Russia's Otkritie Bank calls for more central bank backing

MOSCOW (Reuters) - Otkritie Bank needs more capital from the central bank despite an $8 billion rescue package last year, the Russian lender’s new chief executive Mikhail Zadornov told Reuters.

Otkritie Bank's Chief Executive Officer Mikhail Zadornov attends an interview with Reuters in Moscow, Russia February 21, 2018. Picture taken February 21, 2018. REUTERS/Maxim Shemetov

Russia’s central bank rescued three of the country’s biggest private banks, including Otkritie, in the second half of 2017 and shut dozens of smaller lenders as part of a wider clean-up over the past few years.

The Russian banking sector has suffered in recent years from the fallout of Western sanctions over Moscow’s annexation of Crimea from Ukraine in 2014 and the economic impact of a sharp fall in oil prices on the country’s foreign earnings.

Trust Bank, owned by Otkritie, and B&N Bank, which is merging with Otkritie, are expected to receive more bail-out money from the central bank’s Banking Sector Consolidation Fund by the end of the first quarter, Zadornov said in an interview.

The merger, which requires the financial rehabilitation of the bailed-out banks, would also include Trust Bank and Rosgosstrakh bank, Zadornov added on Thursday.

The former finance minister who ran the retail unit of Russia’s No.2 bank VTB for more than a decade, said there was no final decision on the amount needed to prop up Trust and B&N.

“Apart from these banks, extra funds are planned for an additional capitalization increase of the group’s pensions funds and Rosgosstrakh,” he said.

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The central bank has already injected 456 billion rubles ($8 billion) into Otkritie, 42 billion rubles of which were designated for its pensions funds and 44 billion rubles to Rosgosstrakh.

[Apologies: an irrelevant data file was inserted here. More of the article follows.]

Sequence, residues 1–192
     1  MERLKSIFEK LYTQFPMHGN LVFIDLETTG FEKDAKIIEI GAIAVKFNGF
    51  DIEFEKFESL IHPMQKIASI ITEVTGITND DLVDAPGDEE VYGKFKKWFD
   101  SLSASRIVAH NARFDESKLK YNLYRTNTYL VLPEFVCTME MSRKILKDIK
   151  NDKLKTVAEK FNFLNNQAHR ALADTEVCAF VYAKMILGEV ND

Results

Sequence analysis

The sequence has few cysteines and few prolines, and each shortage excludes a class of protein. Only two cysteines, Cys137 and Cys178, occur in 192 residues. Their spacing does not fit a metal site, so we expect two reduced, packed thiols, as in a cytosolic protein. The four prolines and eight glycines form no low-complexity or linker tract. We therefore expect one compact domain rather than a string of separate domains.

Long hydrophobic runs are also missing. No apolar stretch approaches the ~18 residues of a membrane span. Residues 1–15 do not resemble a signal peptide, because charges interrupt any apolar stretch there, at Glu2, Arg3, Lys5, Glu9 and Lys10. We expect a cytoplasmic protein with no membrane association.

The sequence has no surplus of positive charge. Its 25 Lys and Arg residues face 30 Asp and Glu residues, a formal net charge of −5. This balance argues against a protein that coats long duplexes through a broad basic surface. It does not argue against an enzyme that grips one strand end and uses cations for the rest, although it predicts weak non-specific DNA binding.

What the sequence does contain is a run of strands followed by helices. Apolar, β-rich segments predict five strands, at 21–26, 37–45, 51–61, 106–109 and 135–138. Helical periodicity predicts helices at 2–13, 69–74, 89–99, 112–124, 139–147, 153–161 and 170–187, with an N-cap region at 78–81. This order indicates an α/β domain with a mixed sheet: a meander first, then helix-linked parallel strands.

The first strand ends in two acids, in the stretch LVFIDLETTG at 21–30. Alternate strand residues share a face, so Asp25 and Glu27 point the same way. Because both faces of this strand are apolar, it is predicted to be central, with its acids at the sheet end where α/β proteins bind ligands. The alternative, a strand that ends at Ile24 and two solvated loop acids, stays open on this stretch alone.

To bail out Otkritie, B&N and another major lender Promsvayzbank (PSB), the central bank has planned to spend around a trillion rubles. It plans to sell the merged Otkritie and B&N banks in a stock market flotation, while turning PSB into a bank to serve the country’s defense sector.


Zadornov said the central bank is still deciding whether to convert Rost bank, a subsidiary of B&N bank, or Trust Bank into a “bad bank” to take on bad loans from healthier banks.

A decision should be made in March, Zadornov said. The central bank did not respond to a request for comment.

Asked about Otkritie’s pension funds and Rosgosstrakh, Zadornov said 90 percent of toxic assets they held on their balance sheets had been offloaded as of early 2018.

“A substantial part of these assets -- around 160 billion roubles or a quarter of all such assets -- were acquired by Otkritie and Trust at their face value,” Zadornov said.

The central bank would take into account the acquisition of toxic loans when it decides on how much to spend propping up the troubled banking group, he said.

Zadornov said that Otkritie’s 2018 business plan, approved by the supervisory board, envisages a 70 percent increase in retail lending, both in cash and mortgages, and more loans to small- and medium-sized enterprises.

At the same time, Otkritie expects 30 percent growth this year in deposits from companies and households and 125 billion rubles of loan repayments. The bank plans to make new loans of up to 160 billion roubles in 2018, Zadornov added.

Writing by Andrey Ostroukh; Editing by Alexander Smith